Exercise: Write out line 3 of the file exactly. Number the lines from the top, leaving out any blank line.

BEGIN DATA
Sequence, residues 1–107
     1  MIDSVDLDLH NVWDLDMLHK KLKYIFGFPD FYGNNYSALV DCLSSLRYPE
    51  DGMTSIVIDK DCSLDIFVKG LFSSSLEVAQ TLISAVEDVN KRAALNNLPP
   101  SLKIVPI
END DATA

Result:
    51  DGMTSIVIDK DCSLDIFVKG LFSSSLEVAQ TLISAVEDVN KRAALNNLPP